`Journal of Function Spaces and ApplicationsVolume 2012 (2012), Article ID 284696, 11 pageshttp://dx.doi.org/10.1155/2012/284696`
Research Article

Bifurcation from Infinity and Resonance Results at High Eigenvalues in Dimension One

Received 2 February 2012; Accepted 7 August 2012

Copyright © 2012 José L. Gámez and Juan F. Ruiz-Hidalgo. This is an open access article distributed under the Creative Commons Attribution License, which permits unrestricted use, distribution, and reproduction in any medium, provided the original work is properly cited.

Abstract

This paper is devoted to two different but related tags: firstly, the side of the bifurcation from infinity at every eigenvalue of the problem , , secondly, the solutions of the associated resonant problem at any eigenvalue. From the global shape of the nonlinearity g we obtain computable integral values which will decide the behavior of the bifurcations and, consequently, the possibility of finding solutions of the resonant problems.

1. Introduction

Considering the problem we are interested in two different tags: firstly, the local behavior of bifurcations from infinity of (1.1) at every eigenvalue, , and, secondly how this behavior can help us to find solutions of the resonant problem

The first objective is the behavior of bifurcation. In Section 3, we determine if the branches are either subcritical or supercritical, that is, the parameters of the connected set of solutions of the problem (1.1) lie either to the left of the eigenvalue or to the right. This question has just been studied by the authors, as in ([1]), where only the behaviour at first eigenvalue, , was treated. In particular, considering the problem the authors showed that the side of the bifurcation from infinity at is determined by an integral value involving the nonlinearity , concretely for positive solutions and for negative ones. This result is consequence of a sharp estimate on the first eigenfunction values on a neighborhood of the boundary of the domain.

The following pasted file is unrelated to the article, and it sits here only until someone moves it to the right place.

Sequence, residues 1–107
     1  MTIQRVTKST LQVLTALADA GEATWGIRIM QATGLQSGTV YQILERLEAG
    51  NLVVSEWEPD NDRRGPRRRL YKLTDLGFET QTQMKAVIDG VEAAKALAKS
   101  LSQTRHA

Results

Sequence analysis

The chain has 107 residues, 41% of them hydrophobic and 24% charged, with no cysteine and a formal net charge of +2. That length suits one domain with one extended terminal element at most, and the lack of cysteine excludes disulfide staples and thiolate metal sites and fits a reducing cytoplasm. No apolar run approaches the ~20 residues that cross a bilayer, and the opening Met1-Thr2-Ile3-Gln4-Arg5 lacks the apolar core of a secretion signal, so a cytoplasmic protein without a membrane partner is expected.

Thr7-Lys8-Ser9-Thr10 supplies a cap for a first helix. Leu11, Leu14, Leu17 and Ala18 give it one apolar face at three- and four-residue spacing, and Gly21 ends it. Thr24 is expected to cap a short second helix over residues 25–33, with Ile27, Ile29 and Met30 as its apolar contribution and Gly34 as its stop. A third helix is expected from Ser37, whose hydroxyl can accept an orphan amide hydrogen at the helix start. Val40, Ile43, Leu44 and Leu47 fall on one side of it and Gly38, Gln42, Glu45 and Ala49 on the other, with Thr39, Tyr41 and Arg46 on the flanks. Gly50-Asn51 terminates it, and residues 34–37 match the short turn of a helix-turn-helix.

An extension of this result to the Laplacian operator in a bounded domain can be found in [2], where the interior of the domain loses importance and the boundary joint with the integral of is enough to decide the side of the bifurcation. The importance of the boundary lies in that the set of zeroes of the first eigenfunction coincides with the boundary. This is a first obstacle in order to adjust the result to higher eigenvalues. In fact, the zeroes of the eigenfunctions in dimensions greater than one form the called nodal lines (see, e.g., [3] or [4]), which does not allow us formulate a similar conclusion for dimensions . In this way, a paper by Fleckinger et al. [5] could give new clues to make generalizations. A second hurdle is the lack of positivity of all eigenfunctions but the first one.

The second objective of this paper, in Section 4, is the solution of the resonant problem (1.2) as consequence of the study of laterality in (1.1). By using ideas put forward by Hess [6] and used by Arcoya and Gámez [7] among other authors, and in a similar way of the case of the first eigenvalue (see [1]), if the bifurcations from and are both subcritical (resp. supercritical), then problem (1.2) has, at least, one solution.

The resonant problems have been studied by several authors. Chronologically, we can emphasize Dancer [8], Solimini [9], Ward [10], Mawhin and Schmitt [11], Schaff and Schmitt [1214], Habets et al. [15], Habets et al. [16] and Cañada and Ruiz [17]. Concretely, in [8, 14] asymptotics methods are used. Papers [9, 10], which are considered as classics in search of solution of resonant problems, are dedicated to periodic nonlinearities and use variational techniques. In paper [13], closer to this paper, authors use bifurcation to solve resonant problems with periodic nonlinearities in dimension one. Finally, in [17] variational techniques are managed, also with periodic nonlinearities.